Boats have become trapped in ice in the Northeast as record cold weather plagues the region and the ice continues to wreak havoc on waterfront infrastructure.
Iced waterways near Boston caused a commuter ferry carrying more than 100 passengers to be delayed by about 45 minutes by a coastal ice pack on Feb. 20.
For the second time in two weeks, icy waters off Cape Cod, Massachusetts, stranded a fishing boat, prompting a 49-foot Coast Guard boat to break ice to free the vessel. Last Friday, the Coast Guard also freed a 69-foot fishing boat trapped in ice, according to CBS Boston.
A blanket of thick ice also has spread across the Great Lakes for the second consecutive winter, posing hardships for shippers and crews aboard Coast Guard ice-breaking vessels, but also creating spectacular scenery along shorelines, the Associated Press reported.
Waterways in the Northeast and the Midwest are beset by ice more than a foot thick in some places, making life miserable for people who make their living on the water.
Scott Werner, of Portland, Maine, said the winter has been “a horror show” for him and other lobster fishermen.
Werner told the Associated Press that the ice has prevented him from getting his boat out to fish in recent weeks, cutting into his ability to make money in the already slow winter lobster season.
The frigid weather froze more than 10 lobster fishing boats in ice off Portland, Bill Needelman, the city’s waterfront coordinator, told the Associated Press. Fewer fishermen have been able to pursue key food fish, such as haddock and pollock, which has cut into landings at the city’s fish pier and lessened activity at the Portland Fish Exchange auction, he said.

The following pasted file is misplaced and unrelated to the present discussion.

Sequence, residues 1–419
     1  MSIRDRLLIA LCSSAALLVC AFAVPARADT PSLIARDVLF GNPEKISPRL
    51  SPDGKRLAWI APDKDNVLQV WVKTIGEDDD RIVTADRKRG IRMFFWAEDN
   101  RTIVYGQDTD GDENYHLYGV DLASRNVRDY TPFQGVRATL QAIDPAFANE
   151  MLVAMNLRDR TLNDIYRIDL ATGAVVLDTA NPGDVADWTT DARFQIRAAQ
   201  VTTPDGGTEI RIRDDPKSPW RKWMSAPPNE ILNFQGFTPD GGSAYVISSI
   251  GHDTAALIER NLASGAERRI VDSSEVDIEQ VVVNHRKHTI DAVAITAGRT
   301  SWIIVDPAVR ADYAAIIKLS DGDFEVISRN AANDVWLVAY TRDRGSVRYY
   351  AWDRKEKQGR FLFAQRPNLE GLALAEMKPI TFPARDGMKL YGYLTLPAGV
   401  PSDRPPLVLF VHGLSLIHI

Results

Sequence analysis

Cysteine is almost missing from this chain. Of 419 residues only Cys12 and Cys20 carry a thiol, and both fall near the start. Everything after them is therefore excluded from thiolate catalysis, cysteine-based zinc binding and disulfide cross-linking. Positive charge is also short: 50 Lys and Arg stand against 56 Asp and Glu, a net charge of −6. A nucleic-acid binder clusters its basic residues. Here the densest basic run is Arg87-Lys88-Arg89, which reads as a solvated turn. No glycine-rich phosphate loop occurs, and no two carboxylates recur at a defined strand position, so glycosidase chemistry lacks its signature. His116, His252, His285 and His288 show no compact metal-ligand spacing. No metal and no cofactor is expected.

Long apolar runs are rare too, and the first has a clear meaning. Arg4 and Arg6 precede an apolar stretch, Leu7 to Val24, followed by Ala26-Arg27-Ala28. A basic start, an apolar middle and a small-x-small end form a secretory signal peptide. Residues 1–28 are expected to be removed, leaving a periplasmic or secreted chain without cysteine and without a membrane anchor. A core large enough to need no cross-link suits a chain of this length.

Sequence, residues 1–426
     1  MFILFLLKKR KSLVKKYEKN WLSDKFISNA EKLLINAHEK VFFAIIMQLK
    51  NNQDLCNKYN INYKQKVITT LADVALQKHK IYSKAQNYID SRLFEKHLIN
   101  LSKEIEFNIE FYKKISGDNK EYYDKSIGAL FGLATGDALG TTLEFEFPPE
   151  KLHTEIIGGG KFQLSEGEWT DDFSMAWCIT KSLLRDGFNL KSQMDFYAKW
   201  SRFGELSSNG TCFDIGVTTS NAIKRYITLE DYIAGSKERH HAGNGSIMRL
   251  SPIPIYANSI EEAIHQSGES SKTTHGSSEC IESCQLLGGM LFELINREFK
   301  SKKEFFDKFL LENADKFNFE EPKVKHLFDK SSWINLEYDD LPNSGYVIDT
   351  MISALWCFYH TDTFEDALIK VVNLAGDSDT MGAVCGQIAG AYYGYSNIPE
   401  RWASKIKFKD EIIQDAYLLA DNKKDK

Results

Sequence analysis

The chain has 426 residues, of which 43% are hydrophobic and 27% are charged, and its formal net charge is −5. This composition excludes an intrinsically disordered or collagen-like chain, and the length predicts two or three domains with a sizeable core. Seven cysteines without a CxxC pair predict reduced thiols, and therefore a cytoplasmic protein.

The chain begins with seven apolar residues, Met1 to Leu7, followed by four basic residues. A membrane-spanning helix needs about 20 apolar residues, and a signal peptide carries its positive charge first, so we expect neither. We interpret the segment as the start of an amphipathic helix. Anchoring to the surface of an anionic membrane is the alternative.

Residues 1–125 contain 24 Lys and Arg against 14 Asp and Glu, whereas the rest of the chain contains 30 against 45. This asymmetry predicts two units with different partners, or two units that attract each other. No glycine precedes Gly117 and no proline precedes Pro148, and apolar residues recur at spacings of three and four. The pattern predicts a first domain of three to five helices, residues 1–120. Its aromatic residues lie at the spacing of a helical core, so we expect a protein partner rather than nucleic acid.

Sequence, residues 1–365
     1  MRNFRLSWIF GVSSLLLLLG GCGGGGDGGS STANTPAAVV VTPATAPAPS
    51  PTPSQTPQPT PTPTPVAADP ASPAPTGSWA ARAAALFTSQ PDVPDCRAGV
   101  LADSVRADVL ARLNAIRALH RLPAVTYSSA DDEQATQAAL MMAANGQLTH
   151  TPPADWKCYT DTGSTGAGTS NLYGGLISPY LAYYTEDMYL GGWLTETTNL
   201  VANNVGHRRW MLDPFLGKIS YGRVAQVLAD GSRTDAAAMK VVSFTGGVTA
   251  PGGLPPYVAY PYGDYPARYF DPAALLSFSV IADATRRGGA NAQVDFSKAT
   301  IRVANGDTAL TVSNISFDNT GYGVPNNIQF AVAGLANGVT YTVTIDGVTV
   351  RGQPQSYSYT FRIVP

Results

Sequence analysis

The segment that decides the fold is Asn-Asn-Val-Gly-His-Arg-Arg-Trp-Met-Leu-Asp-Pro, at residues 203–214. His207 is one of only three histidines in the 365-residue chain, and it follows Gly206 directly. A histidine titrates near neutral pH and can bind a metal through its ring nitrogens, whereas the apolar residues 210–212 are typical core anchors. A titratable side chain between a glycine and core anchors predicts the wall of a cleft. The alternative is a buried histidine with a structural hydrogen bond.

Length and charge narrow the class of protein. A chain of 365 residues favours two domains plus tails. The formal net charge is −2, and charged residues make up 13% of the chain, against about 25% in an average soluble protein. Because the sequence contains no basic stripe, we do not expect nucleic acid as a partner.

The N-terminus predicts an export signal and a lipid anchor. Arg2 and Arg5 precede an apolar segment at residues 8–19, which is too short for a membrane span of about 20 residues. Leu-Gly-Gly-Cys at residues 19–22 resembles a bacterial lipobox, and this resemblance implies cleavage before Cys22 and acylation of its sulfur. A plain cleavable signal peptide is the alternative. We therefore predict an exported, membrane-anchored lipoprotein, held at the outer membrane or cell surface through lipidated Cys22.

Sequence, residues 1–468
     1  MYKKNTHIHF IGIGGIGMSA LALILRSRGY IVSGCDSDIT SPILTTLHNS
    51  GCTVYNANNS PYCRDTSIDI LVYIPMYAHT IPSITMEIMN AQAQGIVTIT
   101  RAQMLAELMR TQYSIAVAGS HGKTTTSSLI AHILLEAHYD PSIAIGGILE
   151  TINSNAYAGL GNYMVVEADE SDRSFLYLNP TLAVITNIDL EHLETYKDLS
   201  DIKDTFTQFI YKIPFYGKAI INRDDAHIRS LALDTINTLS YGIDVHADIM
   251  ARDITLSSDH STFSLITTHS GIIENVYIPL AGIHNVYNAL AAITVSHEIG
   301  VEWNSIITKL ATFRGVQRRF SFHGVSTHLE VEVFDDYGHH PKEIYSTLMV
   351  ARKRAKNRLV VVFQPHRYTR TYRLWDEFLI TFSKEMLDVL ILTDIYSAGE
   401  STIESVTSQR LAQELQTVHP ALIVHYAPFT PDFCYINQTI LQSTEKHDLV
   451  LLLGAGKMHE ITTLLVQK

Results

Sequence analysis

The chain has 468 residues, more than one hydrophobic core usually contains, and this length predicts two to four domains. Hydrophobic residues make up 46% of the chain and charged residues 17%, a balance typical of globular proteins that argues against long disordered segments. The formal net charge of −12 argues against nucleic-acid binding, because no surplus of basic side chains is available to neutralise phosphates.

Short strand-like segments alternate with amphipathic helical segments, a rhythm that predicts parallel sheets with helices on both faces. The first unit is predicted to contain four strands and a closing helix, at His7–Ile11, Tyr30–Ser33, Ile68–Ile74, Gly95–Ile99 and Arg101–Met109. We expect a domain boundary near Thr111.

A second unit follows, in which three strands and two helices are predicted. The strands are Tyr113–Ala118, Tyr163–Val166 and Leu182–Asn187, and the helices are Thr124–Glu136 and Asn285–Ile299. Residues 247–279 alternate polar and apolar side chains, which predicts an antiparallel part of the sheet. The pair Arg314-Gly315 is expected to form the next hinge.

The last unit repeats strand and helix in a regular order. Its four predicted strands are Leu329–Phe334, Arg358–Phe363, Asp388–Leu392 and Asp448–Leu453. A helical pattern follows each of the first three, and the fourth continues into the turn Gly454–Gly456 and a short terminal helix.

The ice also is causing damage to piers and could contribute to erosion, Needelman said. He said this year’s ice likely will take a heavy toll on waterfront infrastructure in the city.
“It’s a highly destructive force, and we can anticipate that there will be a lot of maintenance needs and repair needs,” he said.
As of Sunday night on the Great Lakes, 88.3 percent of the inland seas’ surface area had frozen, according to the NOAA Great Lakes Environmental Laboratory in Ann Arbor, Michigan. The ice cover topped out at 92.2 percent last winter, narrowly missing the record of 94.7 percent, which was set in 1979.
It was the coldest February on record in Portland, according to National Weather Service records that go back to 1940.
The Coast Guard experienced two weeks in February when its ice-cutting tug, Shackle, was out cutting ice every day, Chief Warrant Officer Bob Albert said. Cutting was needed in Portland Harbor, the Fore River and parts of Casco Bay to allow for petroleum deliveries and for commuter ferries and fishing vessels to traverse the waterways, he said.
“The demand for ice breaking this year has exceeded any demands that have been placed on the Coast Guard at any time in the last 10 years,” Albert said.
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